While the end result of my training and my friend’s training may be the same, the mental framework of “shoot to stop” versus “shoot so there’s only your side of the story” was to me dramatically different.  There is always a hope on our part that our defensive action does stop the attacker without resulting in their death.  We must be willing to do what is necessary, but also restrained and moderate in our response.

With this in mind, I began some additional research and found that not only was my instructor’s advice consistent with North Carolina law, it is also very consistent with historic church teaching on the subject which I have provided some examples of below.  With this evidence I think we can determine it is morally just to stop an unjust attacker.

The Catechism of the Catholic Church has a very good explanation of this line of thinking, that I believe can be informative to all Christians, not only Catholics.

Legitimate defense

2263 The legitimate defense of persons and societies is not an exception to the prohibition against the murder of the innocent that constitutes intentional killing. “The act of self-defense can have a double effect: the preservation of one’s own life; and the killing of the aggressor. . . . The one is intended, the other is not.”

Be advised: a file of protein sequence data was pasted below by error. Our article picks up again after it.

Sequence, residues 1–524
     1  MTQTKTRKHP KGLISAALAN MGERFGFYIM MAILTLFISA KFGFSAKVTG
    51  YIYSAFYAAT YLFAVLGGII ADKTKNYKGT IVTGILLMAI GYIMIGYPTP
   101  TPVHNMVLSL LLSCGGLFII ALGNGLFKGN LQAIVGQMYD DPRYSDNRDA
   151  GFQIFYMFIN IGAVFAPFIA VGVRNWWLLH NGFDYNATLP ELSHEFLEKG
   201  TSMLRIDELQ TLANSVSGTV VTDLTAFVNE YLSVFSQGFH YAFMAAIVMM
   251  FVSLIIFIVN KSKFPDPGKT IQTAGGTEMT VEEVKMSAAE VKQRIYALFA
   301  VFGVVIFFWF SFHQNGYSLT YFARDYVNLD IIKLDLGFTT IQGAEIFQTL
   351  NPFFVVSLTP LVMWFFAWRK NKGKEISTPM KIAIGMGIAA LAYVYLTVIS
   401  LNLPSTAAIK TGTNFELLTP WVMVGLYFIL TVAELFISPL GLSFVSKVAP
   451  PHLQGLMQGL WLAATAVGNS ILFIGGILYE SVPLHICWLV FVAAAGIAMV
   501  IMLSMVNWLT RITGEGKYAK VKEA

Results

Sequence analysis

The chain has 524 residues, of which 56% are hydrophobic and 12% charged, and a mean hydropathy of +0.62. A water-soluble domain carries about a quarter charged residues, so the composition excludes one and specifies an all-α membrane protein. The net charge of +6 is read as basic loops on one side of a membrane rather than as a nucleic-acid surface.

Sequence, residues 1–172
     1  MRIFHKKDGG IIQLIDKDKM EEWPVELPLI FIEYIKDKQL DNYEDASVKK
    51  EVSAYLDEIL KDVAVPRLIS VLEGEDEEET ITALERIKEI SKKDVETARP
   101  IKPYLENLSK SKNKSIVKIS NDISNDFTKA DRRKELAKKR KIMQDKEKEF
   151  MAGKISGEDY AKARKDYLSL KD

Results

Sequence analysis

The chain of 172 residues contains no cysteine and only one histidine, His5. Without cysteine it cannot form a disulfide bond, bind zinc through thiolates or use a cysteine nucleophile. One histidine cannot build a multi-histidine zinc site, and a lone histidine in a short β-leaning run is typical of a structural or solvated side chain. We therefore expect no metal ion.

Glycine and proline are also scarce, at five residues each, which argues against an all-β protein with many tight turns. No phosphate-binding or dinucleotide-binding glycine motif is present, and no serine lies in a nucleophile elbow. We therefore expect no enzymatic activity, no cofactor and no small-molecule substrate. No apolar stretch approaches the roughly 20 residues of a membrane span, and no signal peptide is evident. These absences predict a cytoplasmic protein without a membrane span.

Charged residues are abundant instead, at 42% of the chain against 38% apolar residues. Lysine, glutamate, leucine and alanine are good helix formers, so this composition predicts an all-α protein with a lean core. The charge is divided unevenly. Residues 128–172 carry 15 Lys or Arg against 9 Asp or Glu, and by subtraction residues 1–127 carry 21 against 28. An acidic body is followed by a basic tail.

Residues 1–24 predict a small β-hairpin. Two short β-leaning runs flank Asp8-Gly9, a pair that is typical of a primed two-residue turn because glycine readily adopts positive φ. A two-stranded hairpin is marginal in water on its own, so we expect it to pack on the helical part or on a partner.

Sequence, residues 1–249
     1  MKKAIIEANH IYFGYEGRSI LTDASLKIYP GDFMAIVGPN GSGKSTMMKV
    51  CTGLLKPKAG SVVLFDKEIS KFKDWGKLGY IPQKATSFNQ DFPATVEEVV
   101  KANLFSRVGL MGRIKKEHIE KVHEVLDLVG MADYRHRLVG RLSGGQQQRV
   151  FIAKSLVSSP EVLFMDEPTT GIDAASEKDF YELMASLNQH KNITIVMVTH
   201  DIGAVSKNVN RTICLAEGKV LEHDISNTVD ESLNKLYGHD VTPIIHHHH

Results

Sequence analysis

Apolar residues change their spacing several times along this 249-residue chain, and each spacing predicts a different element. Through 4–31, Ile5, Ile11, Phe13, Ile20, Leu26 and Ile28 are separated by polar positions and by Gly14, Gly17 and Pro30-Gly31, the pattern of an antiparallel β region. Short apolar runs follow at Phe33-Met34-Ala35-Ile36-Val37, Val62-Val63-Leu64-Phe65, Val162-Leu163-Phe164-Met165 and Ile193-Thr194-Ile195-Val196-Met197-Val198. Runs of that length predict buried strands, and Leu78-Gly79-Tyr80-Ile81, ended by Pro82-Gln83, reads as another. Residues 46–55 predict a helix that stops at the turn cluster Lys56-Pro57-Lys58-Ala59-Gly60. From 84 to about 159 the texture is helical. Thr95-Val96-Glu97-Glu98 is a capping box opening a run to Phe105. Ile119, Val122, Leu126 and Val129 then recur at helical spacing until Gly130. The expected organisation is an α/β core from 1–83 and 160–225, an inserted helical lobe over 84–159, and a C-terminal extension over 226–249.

2264 Love toward oneself remains a fundamental principle of morality. Therefore it is legitimate to insist on respect for one’s own right to life. Someone who defends his life is not guilty of murder even if he is forced to deal his aggressor a lethal blow:

If a man in self-defense uses more than necessary violence, it will be unlawful: whereas if he repels force with moderation, his defense will be lawful. . . . Nor is it necessary for salvation that a man omit the act of moderate self-defense to avoid killing the other man, since one is bound to take more care of one’s own life than of another’s.

2265 Legitimate defense can be not only a right but a grave duty for one who is responsible for the lives of others. The defense of the common good requires that an unjust aggressor be rendered unable to cause harm. For this reason, those who legitimately hold authority also have the right to use arms to repel aggressors against the civil community entrusted to their responsibility”


I find section 2265 above.  Particularly fascinating for those of us charged with protection of a family.  Even if we do not find it preferable to protect our own life, we still maintain a duty to protect those that depend on us, and also to protect ourselves in order to continue to provide for them.


Per 2 Peter 3:9 it can never be our will or intention to kill.  The death of a person committing evil at its best, an unfortunate consequence of the act of stopping their attack.  In fact, it may be viewed as a consequence of their action which necessitated defensive action on your part.  It must always be our sincerest hope that they will repent, and to kill is to deny them that opportunity.  This is consistent with the law in most US states which will penalize “excessive force” or continuing defensive action after the attacker has surrendered or otherwise ceased to be a threat.

I hope you find that this informs you, both to prepare yourself in the event you need to defend yourself, but also to properly explain your position to others who challenge you.

As a fine point, we can note from John 18:11 and elsewhere, it’s clear that the Apostles were armed and prepared to defend themselves.